Viramune belongs to the class of antiretroviral medications called non-nucleoside reverse transcriptase inhibitors (NNRTIs). It is used with other medications to help control your HIV infection. It helps to decrease the amount of HIV in your body so your immune system can work better. It also lowers your risk of getting HIV disease complications (such as new infections, cancer). Viramune does not cure AIDS and does not prevent it from being spread to others. It helps to slow down further growth or reproduction of HIV when used in combination with other medications.
Take Viramune exactly as prescribed by your doctor. The recommended adult dose is 200 mg once a day for the first 2 weeks, and then 200 mg twice a day (every 12 hours) after that. Take this medication by mouth with or without food. Take Viramune with a full glass of water. You may also take the medicine with milk or a soft drink. If liver problems or allergic reactions occur while you are taking this medication once daily, seek immediate medical attention and do not increase the dose to twice daily. Do not take more than 400 mg daily.
Before taking Viramune you should talk with your doctor if you have liver disease, liver failure, cirrhosis, hepatitis, kidney dialysis, lactose or galactose intolerance, any allergies. This drug may make some people drowsy. Do not drive or perform tasks that require alertness. Limit alcoholic beverages. Alcohol may increase your risk of liver damage. Avoid having unprotected sex or sharing needles, razors, or toothbrushes.
Do not take Viramune if you are allergic to nevirapine or any ingredients of this medication, or if you have severely reduced liver function. Let your doctor know if you are pregnant or breastfeeding.
Possible side effect
Get emergency medical help if you have headache, abdominal or stomach pain, diarrhea, nausea, vomiting, unusual tiredness, weakness, loss of appetite, weight loss, yellowing of the skin or eyes, dark urine, pale stools, low red blood cells, pale skin, itching, hives, redness, swelling of the face and throat, difficulty breathing, abdominal cramps, fever, chills, rapid heartbeat. If you notice other effects not listed above, contact your doctor.
Tell your doctor about all other medications you use, especially: seizure medications (phenytoin, felbamate, carbamazepine), HIV/AIDS medications (nevirapine, lamivudine, zidovudine), heart or blood pressure medications (metoprolol, bumetanide, triamterene), ergot medications (ergotamine, dihydroergotamine, bromocriptine), antibiotics (clarithromycin, telithromycin, erythromycin), blood thinners (warfarin), antifungal medications (fluconazole, ketoconazole, itraconazole). Interaction between two medications does not always mean that you must stop taking one of them. Tell your doctor or prescriber about all prescription, over-the-counter, and herbal medications you are taking.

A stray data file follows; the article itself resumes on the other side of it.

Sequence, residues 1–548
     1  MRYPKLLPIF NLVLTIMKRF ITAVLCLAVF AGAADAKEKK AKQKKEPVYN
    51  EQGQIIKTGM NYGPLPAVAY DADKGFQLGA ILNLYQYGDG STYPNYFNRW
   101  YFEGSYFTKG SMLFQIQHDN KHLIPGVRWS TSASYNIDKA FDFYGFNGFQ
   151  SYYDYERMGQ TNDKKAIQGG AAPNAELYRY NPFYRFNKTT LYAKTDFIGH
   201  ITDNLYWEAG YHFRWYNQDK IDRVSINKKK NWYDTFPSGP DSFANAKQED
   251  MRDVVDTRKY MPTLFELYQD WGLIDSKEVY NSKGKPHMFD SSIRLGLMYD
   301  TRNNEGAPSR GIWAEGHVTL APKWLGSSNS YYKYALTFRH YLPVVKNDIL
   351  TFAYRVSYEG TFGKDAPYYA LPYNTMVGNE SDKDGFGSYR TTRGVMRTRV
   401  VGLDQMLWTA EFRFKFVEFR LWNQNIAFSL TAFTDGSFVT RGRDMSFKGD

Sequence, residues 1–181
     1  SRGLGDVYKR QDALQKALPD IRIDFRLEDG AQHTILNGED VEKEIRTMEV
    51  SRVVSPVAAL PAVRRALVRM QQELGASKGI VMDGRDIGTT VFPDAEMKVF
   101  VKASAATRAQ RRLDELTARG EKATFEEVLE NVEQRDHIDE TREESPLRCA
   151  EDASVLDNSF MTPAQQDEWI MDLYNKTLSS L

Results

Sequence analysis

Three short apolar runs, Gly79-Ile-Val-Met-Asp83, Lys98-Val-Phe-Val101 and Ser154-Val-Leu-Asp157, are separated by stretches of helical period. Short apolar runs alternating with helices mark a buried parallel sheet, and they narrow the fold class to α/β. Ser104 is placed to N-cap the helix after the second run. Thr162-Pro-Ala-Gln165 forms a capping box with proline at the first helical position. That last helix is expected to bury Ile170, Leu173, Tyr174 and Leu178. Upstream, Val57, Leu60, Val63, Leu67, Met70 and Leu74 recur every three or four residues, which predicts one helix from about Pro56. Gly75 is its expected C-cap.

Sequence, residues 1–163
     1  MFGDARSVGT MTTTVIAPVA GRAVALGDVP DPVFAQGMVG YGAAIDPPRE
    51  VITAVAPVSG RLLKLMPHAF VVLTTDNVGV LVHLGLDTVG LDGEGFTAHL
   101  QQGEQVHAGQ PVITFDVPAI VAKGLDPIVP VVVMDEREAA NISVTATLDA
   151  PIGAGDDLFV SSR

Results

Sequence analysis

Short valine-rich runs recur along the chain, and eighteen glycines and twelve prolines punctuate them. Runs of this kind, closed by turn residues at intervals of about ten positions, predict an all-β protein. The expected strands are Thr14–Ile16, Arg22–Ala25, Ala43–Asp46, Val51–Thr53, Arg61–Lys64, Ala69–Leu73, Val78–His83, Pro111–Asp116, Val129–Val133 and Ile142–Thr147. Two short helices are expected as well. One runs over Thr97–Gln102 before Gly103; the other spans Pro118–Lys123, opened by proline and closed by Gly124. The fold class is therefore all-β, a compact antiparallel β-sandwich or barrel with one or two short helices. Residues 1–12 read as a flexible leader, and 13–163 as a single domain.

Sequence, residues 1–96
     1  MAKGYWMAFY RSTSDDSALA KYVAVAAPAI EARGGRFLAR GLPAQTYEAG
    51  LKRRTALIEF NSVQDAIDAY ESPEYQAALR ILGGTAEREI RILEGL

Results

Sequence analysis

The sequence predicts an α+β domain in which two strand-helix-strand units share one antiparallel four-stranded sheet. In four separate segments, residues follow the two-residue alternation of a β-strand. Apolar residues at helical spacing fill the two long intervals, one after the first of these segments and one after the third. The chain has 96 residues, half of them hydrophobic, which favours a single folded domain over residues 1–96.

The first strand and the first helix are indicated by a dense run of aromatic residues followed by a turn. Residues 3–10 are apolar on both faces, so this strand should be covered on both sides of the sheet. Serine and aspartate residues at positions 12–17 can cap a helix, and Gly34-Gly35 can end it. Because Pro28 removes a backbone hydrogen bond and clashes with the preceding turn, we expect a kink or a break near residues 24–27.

Take the missed dose as soon as possible. Skip the missed dose if it is time for your next scheduled dose. Don't take extra medicine to make up the missed dose.
If you think you have overdosed the medicine seek emergency medical help at once. The overdose symptoms are dizziness, skin rash, trouble breathing, headache, tired feeling, sleep problems, nausea, vomiting , weight loss, fever, joint pain, wheezing, cough.
Store the medicine at room temperature between 59-86 degrees F (15-30 degrees C) away from light and moisture. Do not store the drugs in the bathroom. Keep all drugs away from reach of children and pets.
The information presented at the site has a general character. Note please this information cannot be used for self-treatment and self diagnosis. You should consult with your doctor or health care adviser regarding any specific instructions of your condition. The information is reliable, but we concede it could contain mistakes. We are not responsible for any direct, indirect, special or other damage caused by use of this information on the site and also for consequences of self-treatment.